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Hunting and practicing military skills were important sports in Oromia before it was colonized. Oromo men used to hunt large animals as a test of manhood. They used hides, ivory, and horns in their arts and crafts. Hunting was seen as training for warfare for young Oromos. It helped them learn how to handle their weapons and prepare themselves for difficult conditions.
Popular sports among children and young adults in Oromo society includegugssa(horseback riding),qillee(field hockey),darboo(throwing spears),waldhaansso(wrestling),utaalu(jumping), and swimming. Oromo society has produced athletes who have competed and won in international sports events. In 1956, Wami Biratu, an Oromo soldier serving in the Ethiopian colonial army, was the first Oromo athlete to participate in the Olympic Games. He became a source of inspiration for other Oromo athletes. Ababa Biqila, another Oromo soldier, won the 1960 Rome Olympic Marathon and set a new world record, running barefoot. Another Oromo soldier, Mamo Wolde, became the 1968 Olympic Marathon champion. Other Oromo soldiers have succeeded in international competitions as well.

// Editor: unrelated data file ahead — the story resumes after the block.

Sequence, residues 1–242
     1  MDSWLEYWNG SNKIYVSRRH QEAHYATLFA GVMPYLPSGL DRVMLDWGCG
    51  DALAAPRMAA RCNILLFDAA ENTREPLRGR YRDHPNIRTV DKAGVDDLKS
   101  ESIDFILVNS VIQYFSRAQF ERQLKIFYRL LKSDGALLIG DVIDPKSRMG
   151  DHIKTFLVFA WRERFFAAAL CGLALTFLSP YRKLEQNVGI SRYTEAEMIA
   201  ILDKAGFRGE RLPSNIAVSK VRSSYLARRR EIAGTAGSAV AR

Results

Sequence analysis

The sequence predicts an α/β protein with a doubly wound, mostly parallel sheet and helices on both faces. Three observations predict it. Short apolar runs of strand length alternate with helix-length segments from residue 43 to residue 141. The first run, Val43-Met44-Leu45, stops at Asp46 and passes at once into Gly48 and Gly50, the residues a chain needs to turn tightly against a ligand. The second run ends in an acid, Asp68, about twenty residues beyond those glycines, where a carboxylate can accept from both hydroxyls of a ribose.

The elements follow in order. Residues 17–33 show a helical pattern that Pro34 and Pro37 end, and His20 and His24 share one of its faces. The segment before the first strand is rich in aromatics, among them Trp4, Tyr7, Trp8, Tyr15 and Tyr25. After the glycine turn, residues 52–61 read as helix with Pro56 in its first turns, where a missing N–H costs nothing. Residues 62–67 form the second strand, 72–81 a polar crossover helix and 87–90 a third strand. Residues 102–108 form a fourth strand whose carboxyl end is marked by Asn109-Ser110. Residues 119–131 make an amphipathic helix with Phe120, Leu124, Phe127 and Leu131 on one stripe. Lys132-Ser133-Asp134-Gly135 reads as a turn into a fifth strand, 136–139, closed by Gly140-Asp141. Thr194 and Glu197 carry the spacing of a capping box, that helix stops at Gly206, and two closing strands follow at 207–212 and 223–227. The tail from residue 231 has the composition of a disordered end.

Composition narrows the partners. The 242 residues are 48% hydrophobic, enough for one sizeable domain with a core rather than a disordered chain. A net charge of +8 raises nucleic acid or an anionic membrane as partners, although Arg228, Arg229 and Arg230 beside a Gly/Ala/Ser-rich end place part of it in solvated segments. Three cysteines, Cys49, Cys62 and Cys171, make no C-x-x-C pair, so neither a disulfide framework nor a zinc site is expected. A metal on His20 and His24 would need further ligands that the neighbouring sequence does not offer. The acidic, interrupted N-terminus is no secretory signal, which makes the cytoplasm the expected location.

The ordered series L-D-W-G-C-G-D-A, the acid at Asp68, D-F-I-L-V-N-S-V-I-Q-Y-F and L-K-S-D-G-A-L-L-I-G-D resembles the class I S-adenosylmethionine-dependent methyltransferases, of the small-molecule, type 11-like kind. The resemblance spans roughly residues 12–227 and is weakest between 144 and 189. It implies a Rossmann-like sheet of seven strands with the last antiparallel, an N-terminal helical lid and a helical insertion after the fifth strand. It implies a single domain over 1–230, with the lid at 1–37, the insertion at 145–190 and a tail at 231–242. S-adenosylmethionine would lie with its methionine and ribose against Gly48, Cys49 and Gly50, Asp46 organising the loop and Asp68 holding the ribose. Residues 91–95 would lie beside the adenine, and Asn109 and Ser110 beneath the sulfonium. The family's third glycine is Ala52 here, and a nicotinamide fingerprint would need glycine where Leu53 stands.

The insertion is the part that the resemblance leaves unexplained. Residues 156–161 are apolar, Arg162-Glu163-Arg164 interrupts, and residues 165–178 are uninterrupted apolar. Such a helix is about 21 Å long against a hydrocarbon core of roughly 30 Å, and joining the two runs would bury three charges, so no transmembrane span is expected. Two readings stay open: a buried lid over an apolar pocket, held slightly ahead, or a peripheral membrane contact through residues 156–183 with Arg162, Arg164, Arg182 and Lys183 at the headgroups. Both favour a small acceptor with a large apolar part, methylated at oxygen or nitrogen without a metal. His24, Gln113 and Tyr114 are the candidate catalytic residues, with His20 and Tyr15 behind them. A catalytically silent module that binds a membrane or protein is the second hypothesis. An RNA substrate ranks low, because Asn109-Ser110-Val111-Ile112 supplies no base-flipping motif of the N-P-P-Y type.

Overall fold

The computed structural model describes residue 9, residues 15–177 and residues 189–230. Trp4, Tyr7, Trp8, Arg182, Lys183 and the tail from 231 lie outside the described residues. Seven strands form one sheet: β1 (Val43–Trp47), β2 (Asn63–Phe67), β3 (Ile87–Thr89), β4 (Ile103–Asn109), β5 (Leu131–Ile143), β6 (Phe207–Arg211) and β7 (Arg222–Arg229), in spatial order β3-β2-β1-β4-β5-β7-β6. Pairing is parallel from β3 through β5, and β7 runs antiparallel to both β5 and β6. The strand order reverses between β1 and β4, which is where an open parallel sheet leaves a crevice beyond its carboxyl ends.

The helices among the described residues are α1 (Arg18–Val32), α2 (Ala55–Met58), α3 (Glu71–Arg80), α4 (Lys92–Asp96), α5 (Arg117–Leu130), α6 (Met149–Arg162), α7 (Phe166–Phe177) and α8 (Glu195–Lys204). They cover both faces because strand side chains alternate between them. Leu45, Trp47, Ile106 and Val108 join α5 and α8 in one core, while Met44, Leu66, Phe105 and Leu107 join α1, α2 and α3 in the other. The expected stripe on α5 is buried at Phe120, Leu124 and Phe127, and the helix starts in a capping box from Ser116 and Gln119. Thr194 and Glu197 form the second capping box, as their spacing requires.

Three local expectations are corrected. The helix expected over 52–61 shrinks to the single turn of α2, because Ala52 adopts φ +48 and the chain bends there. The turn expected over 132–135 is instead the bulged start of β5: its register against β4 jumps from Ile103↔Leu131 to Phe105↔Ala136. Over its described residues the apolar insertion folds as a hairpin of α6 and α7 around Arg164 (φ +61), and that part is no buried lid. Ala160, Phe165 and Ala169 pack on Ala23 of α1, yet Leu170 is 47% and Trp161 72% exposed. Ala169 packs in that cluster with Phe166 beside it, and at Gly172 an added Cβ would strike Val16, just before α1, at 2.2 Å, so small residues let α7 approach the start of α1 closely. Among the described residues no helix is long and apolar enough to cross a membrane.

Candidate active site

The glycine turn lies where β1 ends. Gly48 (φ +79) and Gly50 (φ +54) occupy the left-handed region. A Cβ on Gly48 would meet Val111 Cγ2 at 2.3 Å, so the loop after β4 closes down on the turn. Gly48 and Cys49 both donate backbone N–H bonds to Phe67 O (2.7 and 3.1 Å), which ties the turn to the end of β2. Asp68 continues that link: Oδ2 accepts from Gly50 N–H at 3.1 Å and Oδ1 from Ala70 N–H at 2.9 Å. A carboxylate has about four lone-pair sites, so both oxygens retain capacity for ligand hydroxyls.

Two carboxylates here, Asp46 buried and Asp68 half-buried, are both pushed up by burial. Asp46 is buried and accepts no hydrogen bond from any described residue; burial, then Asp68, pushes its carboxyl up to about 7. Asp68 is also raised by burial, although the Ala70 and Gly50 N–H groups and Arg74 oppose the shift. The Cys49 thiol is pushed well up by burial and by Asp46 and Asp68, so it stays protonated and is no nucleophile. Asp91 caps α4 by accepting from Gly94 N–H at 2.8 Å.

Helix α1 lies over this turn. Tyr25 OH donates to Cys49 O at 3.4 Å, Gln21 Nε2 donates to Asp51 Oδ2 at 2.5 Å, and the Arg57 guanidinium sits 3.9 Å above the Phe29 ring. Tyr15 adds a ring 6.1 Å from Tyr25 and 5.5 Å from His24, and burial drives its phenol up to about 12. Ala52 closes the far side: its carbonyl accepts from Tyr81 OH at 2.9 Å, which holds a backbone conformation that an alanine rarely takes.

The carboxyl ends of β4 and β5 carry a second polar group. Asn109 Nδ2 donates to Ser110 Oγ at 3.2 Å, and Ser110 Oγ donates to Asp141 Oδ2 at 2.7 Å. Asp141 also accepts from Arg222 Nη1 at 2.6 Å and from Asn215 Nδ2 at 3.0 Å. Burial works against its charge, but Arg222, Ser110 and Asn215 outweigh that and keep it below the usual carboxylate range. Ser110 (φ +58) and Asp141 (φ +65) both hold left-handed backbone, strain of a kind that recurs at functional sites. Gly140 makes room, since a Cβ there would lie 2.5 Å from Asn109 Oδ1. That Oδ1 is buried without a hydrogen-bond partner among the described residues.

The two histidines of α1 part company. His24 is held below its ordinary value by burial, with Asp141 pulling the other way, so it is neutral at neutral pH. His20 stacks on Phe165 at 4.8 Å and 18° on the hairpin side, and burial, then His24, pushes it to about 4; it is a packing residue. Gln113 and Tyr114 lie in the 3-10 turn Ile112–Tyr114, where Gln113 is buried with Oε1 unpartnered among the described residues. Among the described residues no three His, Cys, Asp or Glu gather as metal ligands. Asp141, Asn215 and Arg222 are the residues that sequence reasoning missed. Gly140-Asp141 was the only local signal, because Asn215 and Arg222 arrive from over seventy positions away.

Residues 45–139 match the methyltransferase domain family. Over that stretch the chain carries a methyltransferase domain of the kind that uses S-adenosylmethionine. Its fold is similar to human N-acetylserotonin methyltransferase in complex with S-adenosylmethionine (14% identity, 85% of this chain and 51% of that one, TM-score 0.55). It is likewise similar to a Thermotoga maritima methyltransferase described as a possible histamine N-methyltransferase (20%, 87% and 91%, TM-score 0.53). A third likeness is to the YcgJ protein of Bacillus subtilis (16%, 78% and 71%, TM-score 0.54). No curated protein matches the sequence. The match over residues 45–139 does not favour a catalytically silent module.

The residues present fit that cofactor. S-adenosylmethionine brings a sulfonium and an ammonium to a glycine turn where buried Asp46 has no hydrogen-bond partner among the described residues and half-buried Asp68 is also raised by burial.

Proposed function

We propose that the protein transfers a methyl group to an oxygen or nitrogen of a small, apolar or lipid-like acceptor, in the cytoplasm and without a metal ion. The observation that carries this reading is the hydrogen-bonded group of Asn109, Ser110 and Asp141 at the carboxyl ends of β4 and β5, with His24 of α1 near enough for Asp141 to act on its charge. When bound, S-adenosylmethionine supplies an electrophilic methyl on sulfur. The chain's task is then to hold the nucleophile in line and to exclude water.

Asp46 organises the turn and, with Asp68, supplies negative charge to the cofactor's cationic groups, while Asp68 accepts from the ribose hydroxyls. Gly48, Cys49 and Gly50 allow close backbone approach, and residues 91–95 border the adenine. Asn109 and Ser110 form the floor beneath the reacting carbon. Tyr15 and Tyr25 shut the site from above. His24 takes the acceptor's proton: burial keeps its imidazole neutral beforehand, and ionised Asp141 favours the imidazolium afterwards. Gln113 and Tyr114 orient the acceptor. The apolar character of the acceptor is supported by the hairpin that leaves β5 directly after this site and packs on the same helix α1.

In 1988, Ababa Makonnen (Ababa Biqila’s nephew) won the Tokyo Marathon, and Wadajo Bulti and Kabada Balcha came in second and third. Daraje Nadhi and Kalacha Mataferia won first and second place, respectively, in the World Cup marathon in 1989. In 1992, Daraartu Tullu (1969–), an Oromo woman, won the gold medal for her victory in the 10,000-meter race in the Barcelona Olympic Games. In 1996, another Oromo woman, Fatuma Roba, became a women’s marathon gold medalist. She was the first from Africa to win this kind of race, and she was the fastest marathon runner in the world. The successes of these Oromo athletes demonstrate the rich cultural heritage of athletic ability in Oromo society. The victories of these athletes went to Ethiopia.